Friday, February 20, 2015

William S. Burroughs: Commissioner of Sewers (1991)

Klaus Maeck's William S. Burroughs: Commissioner of Sewers (1991) renders a good introduction to Burroughs, in which one may either like what he has to say or hate it -- there's little in between. The film weaves together a solid, interesting interview conducted by Jürgen Ploog, author of Cola-Hinterland (1969) and Sternzeit 23 (1975), with samples of public readings and archival film footage. Everything works together like a nifty cut-up energized by palimpsestic language.  
Table of contents:
The Do Rights
A Writer
Western Lands
The Writer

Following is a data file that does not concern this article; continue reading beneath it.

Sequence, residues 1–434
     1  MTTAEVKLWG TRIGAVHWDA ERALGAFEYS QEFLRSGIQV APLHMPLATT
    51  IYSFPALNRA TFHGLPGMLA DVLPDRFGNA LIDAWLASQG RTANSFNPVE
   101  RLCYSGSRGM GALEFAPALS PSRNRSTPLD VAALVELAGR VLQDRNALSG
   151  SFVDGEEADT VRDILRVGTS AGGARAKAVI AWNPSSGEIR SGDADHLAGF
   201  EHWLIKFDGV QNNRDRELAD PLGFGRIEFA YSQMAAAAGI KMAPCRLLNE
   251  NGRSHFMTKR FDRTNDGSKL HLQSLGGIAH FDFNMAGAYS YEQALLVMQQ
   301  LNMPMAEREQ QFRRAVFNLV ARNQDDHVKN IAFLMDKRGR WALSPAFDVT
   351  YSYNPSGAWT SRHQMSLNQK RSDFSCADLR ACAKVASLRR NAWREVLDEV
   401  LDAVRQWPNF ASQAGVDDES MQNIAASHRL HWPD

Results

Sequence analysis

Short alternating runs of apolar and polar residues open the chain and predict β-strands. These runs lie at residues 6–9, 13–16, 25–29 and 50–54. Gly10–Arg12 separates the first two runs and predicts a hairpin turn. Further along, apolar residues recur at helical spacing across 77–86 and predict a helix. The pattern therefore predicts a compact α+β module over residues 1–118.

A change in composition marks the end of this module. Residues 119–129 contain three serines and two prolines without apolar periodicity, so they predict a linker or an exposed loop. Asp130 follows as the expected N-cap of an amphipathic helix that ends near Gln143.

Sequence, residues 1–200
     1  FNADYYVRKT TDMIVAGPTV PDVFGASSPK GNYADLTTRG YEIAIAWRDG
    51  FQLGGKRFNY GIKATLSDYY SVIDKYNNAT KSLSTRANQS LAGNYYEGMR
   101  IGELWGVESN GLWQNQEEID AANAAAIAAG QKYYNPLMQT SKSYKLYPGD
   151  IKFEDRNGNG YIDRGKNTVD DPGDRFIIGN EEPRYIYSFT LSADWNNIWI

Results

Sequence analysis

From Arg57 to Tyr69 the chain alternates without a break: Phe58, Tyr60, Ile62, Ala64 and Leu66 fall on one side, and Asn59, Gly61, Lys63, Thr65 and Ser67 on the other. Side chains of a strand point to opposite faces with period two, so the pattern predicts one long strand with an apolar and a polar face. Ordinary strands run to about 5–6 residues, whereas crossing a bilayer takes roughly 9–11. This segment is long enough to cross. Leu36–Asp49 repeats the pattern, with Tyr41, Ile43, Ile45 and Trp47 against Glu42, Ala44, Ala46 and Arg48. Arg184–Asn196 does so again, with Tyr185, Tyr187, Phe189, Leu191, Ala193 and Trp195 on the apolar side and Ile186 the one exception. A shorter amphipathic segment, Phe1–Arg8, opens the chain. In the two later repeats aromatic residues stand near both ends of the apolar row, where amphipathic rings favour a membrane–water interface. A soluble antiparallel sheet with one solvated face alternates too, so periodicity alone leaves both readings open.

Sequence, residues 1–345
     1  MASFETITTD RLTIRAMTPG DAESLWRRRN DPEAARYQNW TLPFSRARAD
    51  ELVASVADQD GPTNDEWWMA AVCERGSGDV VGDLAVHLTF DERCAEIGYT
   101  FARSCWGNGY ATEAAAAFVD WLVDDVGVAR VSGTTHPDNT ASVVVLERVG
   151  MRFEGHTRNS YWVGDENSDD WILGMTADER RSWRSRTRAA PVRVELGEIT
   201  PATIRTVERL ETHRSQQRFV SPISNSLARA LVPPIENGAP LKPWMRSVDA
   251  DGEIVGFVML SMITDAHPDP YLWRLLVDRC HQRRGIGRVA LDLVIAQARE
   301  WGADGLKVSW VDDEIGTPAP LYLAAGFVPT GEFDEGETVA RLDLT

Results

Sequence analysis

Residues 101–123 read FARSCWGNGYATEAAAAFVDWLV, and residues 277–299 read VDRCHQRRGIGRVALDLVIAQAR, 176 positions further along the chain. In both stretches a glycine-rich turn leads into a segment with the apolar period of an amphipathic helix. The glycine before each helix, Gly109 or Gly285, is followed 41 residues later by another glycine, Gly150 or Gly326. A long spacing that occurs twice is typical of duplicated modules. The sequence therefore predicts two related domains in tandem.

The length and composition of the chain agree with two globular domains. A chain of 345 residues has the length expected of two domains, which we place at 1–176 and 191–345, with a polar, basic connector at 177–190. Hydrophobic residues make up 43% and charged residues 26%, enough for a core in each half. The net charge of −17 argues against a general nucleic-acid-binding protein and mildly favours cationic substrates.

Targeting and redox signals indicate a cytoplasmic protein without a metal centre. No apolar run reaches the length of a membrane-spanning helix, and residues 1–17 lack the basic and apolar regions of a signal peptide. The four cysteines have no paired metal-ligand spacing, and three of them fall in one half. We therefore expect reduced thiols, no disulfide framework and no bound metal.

The Cut Ups
Roosevelt After Inauguration
Young Writers
Young People
The Word
Thanksgiving Prayer
Dr. Benway
The Future

This may be of interest to any writer or artist, to creative people with open minds (assuming ears not offended by colorful choice of diction). Burroughs touches on differences between The Tibetan Book of the Dead and The Egyptian Book of the Dead, class warfare even after death (only the rich and powerful get mummies, but mummies are fragile), and -- in the post-credit coda, space travel -- don't miss the jellyfish astronauts! 
Today's Rune: Growth. 


Barbara Bruederlin said...

Somehow I have ended up with a William S Burroughs half-sung/half spoken word compilation in my music collection. He is difficult to listen to at times, but certainly never ordinary.

Charles Gramlich said...

Jellyfish astronauts? egads.

jodi said...

Erik-Stacey and Ed turned me on to Burroughs. He scared the hell out of me. Too strange and heavy of a read!